California Healthcare Association Introduces Voluntary Hospital Guidelines on Charges for the Uninsured
The California Healthcare Association on Wednesday presented to Gov. Arnold Schwarzenegger (R) voluntary guidelines for CHA members that would ease hospitals' collection policies and offer financial aid to low-income uninsured patients, the Los Angeles Times reports. According to the Times, "the most dramatic recommendation" would set hospital charges for patients with annual incomes at or below 300% of the federal poverty level at the rate paid by Medicare and other government-run programs, which could reduce hospital charges to some patients by thousands of dollars. Fred Harder, CHA vice president of policy, said that most hospitals currently employ policies that discount bills for low-income patients but added that the guidelines would "raise awareness of this publicly" and standardize procedures for hospital administrators and patients. Hospitals have been criticized by consumer advocacy groups for charging uninsured patients more than insured patients and for using "over-aggressive" methods, such as attaching liens to patients' homes and garnishing wages, to collect patient bills, the Times reports. CHA recommends that hospitals discontinue such practices. Officials from Catholic Healthcare West, which operates 37 hospitals in California, said the health system would adopt the guidelines by this summer.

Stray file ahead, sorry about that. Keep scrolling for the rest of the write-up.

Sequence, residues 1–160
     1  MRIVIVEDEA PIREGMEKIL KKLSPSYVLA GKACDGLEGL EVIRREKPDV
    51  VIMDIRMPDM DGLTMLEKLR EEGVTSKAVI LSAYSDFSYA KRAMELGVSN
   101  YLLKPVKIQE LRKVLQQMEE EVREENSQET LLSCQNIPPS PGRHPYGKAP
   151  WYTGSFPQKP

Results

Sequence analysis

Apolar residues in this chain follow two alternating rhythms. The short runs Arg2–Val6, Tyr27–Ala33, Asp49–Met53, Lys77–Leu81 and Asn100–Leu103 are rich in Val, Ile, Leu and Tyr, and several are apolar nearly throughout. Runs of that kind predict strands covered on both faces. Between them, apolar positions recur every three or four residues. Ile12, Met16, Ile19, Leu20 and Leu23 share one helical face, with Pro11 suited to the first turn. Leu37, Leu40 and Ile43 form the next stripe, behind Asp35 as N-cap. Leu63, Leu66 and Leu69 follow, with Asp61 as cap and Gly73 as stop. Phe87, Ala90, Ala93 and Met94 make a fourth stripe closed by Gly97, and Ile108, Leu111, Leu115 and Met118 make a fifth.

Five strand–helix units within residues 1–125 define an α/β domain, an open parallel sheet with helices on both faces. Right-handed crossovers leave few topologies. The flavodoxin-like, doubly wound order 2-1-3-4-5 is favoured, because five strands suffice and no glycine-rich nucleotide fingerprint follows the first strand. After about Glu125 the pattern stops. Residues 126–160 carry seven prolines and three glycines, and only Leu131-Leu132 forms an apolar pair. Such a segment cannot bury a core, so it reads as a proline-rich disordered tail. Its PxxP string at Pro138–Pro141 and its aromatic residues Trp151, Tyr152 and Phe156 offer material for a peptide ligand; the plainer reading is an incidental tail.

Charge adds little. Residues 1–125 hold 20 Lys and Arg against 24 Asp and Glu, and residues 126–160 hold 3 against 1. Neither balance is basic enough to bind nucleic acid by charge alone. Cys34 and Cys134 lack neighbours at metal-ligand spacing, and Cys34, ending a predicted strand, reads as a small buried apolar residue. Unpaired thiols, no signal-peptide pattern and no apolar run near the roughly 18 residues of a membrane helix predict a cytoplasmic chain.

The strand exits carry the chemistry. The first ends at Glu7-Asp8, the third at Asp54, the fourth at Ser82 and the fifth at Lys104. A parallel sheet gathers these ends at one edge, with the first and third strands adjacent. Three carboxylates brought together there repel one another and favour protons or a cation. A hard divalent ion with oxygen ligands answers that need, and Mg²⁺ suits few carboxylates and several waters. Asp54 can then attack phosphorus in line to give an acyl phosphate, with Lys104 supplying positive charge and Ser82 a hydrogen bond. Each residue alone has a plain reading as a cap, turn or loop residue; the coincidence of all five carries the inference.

Harder said that CHA had begun to discuss the voluntary guidelines after Assembly member Wilma Chan (D-Alameda) in February 2002 introduced a bill (AB 232) that would require hospitals to provide charity care or offer discounts in some cases to people whose annual incomes are as much as 700% of the federal poverty level (Richardson, Los Angeles Times, 2/12). The bill also would require hospitals to notify patients of free care options and limit the amount that hospitals can charge low-income patients without health insurance (California Healthline, 8/4/03). Gerald Kominski, an associate director of the University of California-Los Angeles Center for Health Policy Research, called the guidelines an "astute political move," adding, "This may be an effort on the part of the industry to try and preempt legislative action or legal remedies." However, Chan said that the guidelines would "not be enough" and added that "patients need dramatic relief from hospital bills," the Times reports (Los Angeles Times, 2/12).This is part of the California Healthline Daily Edition, a summary of health policy coverage from major news organizations. Sign up for an email subscription.